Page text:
Saliman grew up south of Denver in Littleton, graduating from Littleton High School, before majoring in political science at CU. He lives in Boulder with his spouse, a musician, and their college-age children. Friends describe him as soft-spoken, humble, contained and confident. He enjoys wood-working. He plays guitar. He’s a Democrat.
“That’s all right. He never wears it on his sleeve,” said Benson, in an interview, acknowledging Saliman lacks fund-raising experience but saying he’s confident he can operate in conservative circles. Benson cited a lunch with Republican donors where he invited Saliman to help represent CU.
“He knocked it out of the park. He sat down and talked about how we get things done. And, with the legislature, he works very well with both sides of the aisle. Todd gets it. He is smart.”
His greatest professional achievement, Saliman told CU administrators and staff, was balancing Colorado’s budget during the 2008 recession in a way that minimized pain for residents who rely most on public health, education and social services.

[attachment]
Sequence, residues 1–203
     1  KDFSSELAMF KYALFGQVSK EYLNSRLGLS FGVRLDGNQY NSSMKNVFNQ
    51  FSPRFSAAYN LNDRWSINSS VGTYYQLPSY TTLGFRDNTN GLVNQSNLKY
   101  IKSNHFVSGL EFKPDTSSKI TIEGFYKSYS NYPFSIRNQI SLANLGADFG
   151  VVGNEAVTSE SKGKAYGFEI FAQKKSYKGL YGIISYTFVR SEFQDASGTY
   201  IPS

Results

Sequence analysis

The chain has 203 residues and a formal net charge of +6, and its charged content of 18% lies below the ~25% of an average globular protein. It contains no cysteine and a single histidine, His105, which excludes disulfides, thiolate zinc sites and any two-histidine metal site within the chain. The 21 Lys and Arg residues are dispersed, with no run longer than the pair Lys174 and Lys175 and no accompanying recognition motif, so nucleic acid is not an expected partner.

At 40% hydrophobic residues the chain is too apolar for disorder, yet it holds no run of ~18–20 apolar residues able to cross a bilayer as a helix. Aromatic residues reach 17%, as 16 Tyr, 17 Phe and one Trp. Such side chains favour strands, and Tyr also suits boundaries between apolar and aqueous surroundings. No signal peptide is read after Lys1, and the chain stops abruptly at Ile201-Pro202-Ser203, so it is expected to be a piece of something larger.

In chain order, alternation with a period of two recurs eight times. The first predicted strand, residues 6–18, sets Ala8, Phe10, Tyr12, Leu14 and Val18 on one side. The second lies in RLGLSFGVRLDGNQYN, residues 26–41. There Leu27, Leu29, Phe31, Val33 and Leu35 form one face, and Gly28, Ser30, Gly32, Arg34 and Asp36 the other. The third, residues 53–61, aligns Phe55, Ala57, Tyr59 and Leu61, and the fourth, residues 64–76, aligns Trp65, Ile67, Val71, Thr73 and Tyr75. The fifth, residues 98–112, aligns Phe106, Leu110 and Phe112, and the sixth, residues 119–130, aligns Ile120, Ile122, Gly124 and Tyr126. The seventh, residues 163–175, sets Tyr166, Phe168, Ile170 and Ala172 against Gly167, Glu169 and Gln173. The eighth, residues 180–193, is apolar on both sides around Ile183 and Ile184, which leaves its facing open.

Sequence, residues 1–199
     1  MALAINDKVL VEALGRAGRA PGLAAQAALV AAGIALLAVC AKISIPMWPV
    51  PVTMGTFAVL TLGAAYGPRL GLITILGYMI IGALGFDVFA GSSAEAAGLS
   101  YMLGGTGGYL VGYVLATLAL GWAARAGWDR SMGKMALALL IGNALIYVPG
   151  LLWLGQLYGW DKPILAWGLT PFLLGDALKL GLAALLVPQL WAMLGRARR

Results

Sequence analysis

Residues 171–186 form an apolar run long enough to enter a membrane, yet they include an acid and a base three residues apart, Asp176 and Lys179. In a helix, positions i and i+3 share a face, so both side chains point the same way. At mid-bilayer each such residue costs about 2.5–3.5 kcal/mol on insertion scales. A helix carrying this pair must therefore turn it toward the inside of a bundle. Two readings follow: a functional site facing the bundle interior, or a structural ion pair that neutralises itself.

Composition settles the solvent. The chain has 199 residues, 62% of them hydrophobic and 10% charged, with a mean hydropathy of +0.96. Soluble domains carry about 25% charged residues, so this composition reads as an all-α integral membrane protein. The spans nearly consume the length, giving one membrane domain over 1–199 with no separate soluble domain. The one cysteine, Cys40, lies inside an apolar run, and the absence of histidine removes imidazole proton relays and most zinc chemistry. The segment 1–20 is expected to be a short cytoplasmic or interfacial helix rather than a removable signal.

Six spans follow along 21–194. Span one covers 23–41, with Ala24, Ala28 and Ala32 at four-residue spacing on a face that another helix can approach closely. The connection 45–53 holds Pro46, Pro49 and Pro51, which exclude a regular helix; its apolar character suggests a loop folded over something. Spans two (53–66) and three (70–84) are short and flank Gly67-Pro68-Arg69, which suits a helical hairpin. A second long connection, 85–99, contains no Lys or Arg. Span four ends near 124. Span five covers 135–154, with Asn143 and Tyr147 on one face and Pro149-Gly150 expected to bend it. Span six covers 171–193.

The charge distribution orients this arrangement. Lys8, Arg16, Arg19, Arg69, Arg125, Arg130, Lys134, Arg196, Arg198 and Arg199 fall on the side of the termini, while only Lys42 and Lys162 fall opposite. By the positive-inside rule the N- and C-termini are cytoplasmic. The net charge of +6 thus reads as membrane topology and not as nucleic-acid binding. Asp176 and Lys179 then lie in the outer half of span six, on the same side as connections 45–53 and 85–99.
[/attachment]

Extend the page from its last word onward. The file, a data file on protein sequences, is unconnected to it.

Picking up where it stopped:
Now he’s planning an ad campaign promoting CU “so people will see higher education as a worthy investment in our state,” he said Wednesday at a forum on the main Boulder campus. “People are not ready to make these investments yet. It’s going to take time.”
That’ll be the toughest for CU’s next president — securing public funding, said former U.S. Sen. Hank Brown, who has served as president of both the University of Northern Colorado and of CU.
Saliman “is an outstanding public servant. They’re lucky to get him,” Brown said.
“But he faces significant challenges. The legislature has given a low priority for higher education. So you’ve got a real squeeze in all of the institutions,” he said.
“He’s very diplomatic in the way he works with people. That fact that he’s the single nominee means he has the confidence of the regents. He’s as well prepared for the business as anybody we have had for a long time and his personality is such that he will be an excellent fundraiser and an excellent administrator.”
The forums at CU campuses drew between 50 and 85 participants with up to 290 more watching online. Questions could be submitted anonymously or posed directly in the forums.
CU officials said improvements at the university — from research and development to financial aid for low-income students — depend largely on adequate funding.
So money managing abilities matter – which favors Saliman, said Jevita Rogers, director of financial aid for CU-Colorado Springs.
“He has a really good connection to the state budget,” she said, “and the budget rules our world.”